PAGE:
Photograph by Joel Sartore, National Geographic Stock
Published February 25, 2010
In a primeval version of the horror flick Lake Placid, a 19-foot-long (5.8-meter-long) horned crocodile may have leaped from the water to snack on early humans, a new fossil find suggests.
The newly described, 1.84-million-year-old species has been dubbed Crocodylus anthropophagus, which means "eater of humans" in Latin.
The croc's fossils were discovered in 2007 in Tanzania's fossil-rich Olduvai Gorge, a site that was also home to early humans—or hominids—such as the tiny species Homo habilis and Australopithecus boisei.
Crocodile bite marks had previously been found on hominid bones from the gorge. Based on the latest find, scientists suspect that the crocodile not only ate our ancestors, but that it was their biggest predator at the time.
The research adds another dimension to understanding how early humans lived in ancient Africa, said study leader Christopher Brochu, a paleontologist at the University of Iowa.
"When people think about [the animals that lived with] early humans, they think about lions and gazelles—the mammals. They don't usually think about the reptiles," he said.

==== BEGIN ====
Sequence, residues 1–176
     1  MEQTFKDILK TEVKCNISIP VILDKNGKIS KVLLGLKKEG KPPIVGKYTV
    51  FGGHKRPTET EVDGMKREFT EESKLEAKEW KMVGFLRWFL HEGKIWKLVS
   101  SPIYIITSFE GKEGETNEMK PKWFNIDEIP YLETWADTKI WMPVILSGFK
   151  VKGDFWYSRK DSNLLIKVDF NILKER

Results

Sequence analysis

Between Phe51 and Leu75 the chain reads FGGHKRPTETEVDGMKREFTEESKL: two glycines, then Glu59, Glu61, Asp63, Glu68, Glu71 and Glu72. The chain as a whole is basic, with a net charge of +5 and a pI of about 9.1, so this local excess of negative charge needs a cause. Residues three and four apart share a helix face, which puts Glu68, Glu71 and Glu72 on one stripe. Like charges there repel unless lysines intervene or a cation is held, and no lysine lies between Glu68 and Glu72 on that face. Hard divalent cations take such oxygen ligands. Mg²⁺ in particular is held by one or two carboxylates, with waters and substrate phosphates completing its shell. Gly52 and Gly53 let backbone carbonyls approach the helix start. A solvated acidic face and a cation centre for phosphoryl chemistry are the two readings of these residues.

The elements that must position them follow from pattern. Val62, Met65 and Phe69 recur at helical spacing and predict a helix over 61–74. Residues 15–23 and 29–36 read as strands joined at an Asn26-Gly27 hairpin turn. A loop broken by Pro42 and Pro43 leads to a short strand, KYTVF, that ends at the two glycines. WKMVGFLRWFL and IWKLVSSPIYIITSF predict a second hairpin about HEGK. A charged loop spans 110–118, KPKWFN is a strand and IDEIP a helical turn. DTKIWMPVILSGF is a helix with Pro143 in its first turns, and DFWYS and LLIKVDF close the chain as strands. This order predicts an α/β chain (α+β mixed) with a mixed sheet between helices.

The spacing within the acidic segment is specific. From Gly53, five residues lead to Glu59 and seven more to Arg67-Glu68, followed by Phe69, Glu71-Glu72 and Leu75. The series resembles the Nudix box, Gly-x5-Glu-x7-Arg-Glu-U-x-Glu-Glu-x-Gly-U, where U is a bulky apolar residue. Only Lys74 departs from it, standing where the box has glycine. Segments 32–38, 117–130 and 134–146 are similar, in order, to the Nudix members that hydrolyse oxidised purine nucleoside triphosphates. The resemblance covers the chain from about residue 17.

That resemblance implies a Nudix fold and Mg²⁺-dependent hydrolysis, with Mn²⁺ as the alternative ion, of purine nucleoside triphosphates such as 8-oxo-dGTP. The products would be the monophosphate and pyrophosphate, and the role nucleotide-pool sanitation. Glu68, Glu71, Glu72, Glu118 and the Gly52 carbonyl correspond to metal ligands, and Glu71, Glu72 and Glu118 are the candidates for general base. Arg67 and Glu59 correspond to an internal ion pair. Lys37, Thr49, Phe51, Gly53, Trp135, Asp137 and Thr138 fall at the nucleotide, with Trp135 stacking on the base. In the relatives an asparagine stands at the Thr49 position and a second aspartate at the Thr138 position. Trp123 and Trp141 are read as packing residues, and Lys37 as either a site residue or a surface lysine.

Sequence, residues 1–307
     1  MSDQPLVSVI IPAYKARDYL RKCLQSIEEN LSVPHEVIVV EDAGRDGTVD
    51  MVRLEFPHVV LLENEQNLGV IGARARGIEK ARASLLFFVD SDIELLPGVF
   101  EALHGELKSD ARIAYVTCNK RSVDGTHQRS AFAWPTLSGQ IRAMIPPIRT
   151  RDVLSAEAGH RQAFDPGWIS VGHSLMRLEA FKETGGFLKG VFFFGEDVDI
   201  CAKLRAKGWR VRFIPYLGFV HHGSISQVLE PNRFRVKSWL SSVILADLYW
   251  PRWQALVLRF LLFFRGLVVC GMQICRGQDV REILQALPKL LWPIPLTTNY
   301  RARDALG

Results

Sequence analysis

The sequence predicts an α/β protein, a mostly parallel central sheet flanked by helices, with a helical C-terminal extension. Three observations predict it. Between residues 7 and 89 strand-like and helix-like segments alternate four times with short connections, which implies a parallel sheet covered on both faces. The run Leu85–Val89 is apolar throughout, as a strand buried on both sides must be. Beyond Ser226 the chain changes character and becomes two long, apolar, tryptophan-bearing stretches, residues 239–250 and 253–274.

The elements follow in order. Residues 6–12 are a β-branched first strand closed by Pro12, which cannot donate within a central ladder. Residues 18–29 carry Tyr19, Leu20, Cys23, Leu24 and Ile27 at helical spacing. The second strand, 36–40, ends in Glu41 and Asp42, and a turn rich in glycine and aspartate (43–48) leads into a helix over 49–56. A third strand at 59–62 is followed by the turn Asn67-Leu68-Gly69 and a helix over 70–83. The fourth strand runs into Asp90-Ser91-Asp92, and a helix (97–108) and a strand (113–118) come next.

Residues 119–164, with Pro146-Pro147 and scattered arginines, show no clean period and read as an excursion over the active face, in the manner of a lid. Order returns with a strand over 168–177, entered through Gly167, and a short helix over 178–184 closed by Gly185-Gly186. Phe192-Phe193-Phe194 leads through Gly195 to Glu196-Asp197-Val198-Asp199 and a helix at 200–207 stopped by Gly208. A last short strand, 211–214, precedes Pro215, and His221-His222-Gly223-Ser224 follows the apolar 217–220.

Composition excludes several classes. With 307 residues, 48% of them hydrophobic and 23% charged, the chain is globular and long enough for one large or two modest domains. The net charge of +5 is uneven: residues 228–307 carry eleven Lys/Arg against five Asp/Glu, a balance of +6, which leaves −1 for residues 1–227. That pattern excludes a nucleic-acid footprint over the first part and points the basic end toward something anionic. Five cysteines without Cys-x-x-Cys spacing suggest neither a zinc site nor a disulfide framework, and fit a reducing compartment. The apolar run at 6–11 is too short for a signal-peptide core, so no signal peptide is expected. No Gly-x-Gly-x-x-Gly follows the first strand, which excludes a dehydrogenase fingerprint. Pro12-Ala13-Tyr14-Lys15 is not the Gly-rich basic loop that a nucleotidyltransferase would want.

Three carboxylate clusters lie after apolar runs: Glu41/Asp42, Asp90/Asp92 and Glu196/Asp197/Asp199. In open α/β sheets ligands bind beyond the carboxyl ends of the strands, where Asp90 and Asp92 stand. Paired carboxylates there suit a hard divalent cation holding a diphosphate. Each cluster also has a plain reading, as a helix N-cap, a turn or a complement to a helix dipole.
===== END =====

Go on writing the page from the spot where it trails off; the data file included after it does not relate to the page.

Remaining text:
"But our ancestors had to deal with big crocodiles—that's a major part of the landscape."
New Croc Created Dangerous Territory
The new crocodile's fearsome triangular horns are not that unusual, Brochu said. Modern Cuban and Siamese crocodile species also have the bony protrusions above their ears. (See crocodile and alligator pictures.)
The horns serve to exaggerate male crocodiles' perceived sizes during territorial displays, according to Kent Vliet, an expert in crocodile behavior at the University of Florida in Gainesville who was not involved in the new study.
During their displays, horned crocodiles tip their heads forward in the water. "The ultimate effect [is] that the head and the horns and neck form a pyramidal shape, with the horns being the pinnacle," Vliet said.
As with some species of deer, the bigger the croc, the bigger the horns—making the heftiest males the most intimidating.
It's likely that the new predator's horns served the same territorial purpose, Vliet added. (See pictures of five ancient "oddball" crocs.)
The newfound species also probably looked and acted much like the modern-day Nile crocodile, which ambushes anything unwary enough to approach the water's edge.
That means early humans would have had to tread carefully while collecting water from lakes and rivers, as many Africans do today, said study author Brochu, whose research appears this week in the journal PLoS ONE.
But even though people should remain wary of crocodiles, the tables have turned in modern times, Brochu pointed out.
Whether we're killing them outright or destroying their habitats, he said, "the biggest threat to crocodiles today is humans."
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